(4,'April', 'Howard','Maths',400),
(5,'Karthik','Narayan', 'Science', 240),
(1,'Rohit','Sharma','Science', 328),
(2,'Michael','Douglas','Maths', 470),
(3,'Aliya','K','Maths', 220),
(4,'April', 'Howard','Science',500),
(5,'Karthik','Narayan', 'Maths', 340);
```

The data in the ‘students’ table after insertion looks something like this:

**Code:**

`select * from Students;`

**Output:**

#### Example #1

SQL query to illustrate ranking of students based on marks obtained by them.

**Case 1:**

Rank without partition by clause.

**Code:.**

```
SELECT
student_id,
first_name,
last_name,
marks,
RANK() OVER (ORDER BY marks DESC) merit_list
FROM
students;
```

**Output:**

In this case, we can see that when we are ranking without partition function, the entire rows in the result set is considered as a single group and hence it does not yield a meaningful result.

**Case 2: **

Rank with partition by clause.

**Code:**

```
SELECT
student_id,
first_name,
last_name,
subject,
marks,
RANK() OVER (PARTITION BY subject ORDER BY marks DESC) merit_list
FROM students;
```

**Output:**

In this case, partition by clause divides the rows in the result set into two parts, one for maths and other for science and makes a more sensible ranking based on the subjects.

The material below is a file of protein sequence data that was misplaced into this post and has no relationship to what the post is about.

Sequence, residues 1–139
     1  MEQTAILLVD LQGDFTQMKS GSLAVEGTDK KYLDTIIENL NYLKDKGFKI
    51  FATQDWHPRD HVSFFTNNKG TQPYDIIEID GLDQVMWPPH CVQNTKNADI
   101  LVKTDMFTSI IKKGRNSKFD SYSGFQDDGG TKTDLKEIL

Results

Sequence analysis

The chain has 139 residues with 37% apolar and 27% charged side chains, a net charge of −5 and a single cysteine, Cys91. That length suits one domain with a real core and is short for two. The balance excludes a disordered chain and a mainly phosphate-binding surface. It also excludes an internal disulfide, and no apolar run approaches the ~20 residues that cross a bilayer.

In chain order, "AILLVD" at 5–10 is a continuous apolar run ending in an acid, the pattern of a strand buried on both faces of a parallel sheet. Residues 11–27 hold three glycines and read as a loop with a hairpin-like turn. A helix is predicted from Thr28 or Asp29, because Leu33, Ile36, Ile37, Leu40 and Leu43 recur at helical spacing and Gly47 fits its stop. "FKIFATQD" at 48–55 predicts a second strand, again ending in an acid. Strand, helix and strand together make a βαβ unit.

#### Example #2

Prepare a merit list of students based on the total marks obtained by them.

**Code:**

```
SELECT
student_id,
SUM(marks) as total_marks,
RANK() OVER (ORDER BY SUM(marks) DESC)
FROM students
GROUP BY student_id;
```

**Output:**

Above example provides a merit list based on the total marks obtained by the students. But it can be very confusing to some students as it does not have the first and last names of the students. Let’s prepare a merit list of students consisting of their student id, names and total marks obtained by them.

**Code:**

```
SELECT
student_id,
first_name,
last_name,
SUM(marks) as total_marks,
RANK() OVER (ORDER BY SUM(marks) DESC)
FROM students
GROUP BY student_id,first_name,last_name;
```

**Output:**